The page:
“Female Author,” the charged title of tonight’s episode of Girls, refers on one level to an identity Hannah (Lena Dunham) has both adopted and allowed to delimit her existence; her self-conception as a female writer has guided her actions throughout the series, but as she comes to question her decision to attend the Iowa Writers’ Workshop, she’s also beginning to interrogate the very identity she’s cultivated for herself. Read in that light, the title is a reminder of the labels we affix to ourselves and which constrict our own sense of possibility. On another level, though, the title is an acknowledgement of the agency wielded by the show’s core group of women, as the episode traces three characters’ attempts to wrest control of an identity that’s been imposed on them, either externally or from within. In each case, that attempt at control is motivated by a dissatisfaction whose root cause Hannah understatedly expresses when she declares, “Being pigeonholed isn’t fun.”

Girls Recap Season 4, Episode 2, "Triggering"

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Girls Recap: Season 4, Episode 2, “Triggering”

HBO

Girls Recap: Season 4, Episode 2, “Triggering”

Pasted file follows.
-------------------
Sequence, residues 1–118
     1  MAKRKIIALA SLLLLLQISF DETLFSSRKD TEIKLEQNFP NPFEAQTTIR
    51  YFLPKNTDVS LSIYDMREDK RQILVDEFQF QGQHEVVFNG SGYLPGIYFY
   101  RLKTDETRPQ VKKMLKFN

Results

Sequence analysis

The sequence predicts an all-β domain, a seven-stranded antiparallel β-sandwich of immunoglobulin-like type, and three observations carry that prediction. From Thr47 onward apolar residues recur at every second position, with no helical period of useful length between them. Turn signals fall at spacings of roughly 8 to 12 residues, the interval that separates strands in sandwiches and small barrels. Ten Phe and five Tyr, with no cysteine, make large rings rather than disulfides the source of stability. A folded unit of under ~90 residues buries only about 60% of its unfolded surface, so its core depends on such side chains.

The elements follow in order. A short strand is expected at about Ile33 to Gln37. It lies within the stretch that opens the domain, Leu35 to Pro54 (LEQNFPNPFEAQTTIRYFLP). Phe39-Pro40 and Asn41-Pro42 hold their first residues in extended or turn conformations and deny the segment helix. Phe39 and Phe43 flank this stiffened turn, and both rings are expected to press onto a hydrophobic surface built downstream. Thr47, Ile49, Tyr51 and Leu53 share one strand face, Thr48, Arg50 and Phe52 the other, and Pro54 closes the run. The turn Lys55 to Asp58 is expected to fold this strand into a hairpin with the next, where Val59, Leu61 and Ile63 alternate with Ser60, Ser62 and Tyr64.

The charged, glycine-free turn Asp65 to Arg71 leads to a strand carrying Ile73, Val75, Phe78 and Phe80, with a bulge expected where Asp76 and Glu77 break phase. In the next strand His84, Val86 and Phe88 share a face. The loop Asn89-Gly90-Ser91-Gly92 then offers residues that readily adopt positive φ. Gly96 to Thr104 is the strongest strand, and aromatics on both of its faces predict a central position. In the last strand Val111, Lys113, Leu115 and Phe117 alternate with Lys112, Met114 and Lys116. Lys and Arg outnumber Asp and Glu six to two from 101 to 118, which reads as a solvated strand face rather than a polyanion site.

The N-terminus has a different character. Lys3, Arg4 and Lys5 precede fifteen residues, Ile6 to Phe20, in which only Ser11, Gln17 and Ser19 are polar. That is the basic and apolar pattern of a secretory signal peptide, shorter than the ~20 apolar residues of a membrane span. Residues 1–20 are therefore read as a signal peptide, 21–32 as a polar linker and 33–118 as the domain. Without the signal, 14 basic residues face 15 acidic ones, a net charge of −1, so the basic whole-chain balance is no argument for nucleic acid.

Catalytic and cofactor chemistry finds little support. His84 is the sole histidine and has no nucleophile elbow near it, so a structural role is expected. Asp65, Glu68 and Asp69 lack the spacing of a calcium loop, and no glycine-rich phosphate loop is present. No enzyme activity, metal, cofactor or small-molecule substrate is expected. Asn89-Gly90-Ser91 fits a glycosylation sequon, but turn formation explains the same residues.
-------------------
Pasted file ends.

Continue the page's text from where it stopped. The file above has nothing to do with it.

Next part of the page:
Girls’s attempts at eliciting our empathy for a privileged coterie of navel-gazers can sometimes verge on the indulgent. That abrasive appeal to our compassion anchors—and ultimately sinks—the pièce de résistance of this week’s episode, a cringe-inducing critique of one of Hannah’s (Lena Dunham) short stories conducted by her peers at the University of Iowa. After reading aloud her piece (a typically confessional narrative whose barely fictionalized protagonist describes a moment of willed submission in a violent sexual relationship), Hannah briefly entertains her classmates’ catalogue of criticisms: the story trivializes abuse; it’s blind to its privileged vantage point; it rips off 50 Shades of Grey. Wringing pathos from the vulnerability of someone in Hannah’s position ought to be a cinch, but to both its credit and its detriment, Girls rarely makes identification with its characters easy. Despite her professor’s mandate that she sit silent until the others have voiced their opinions, Hannah insists on defending herself, interrupting others before they can complete their thoughts and butting in with justifications.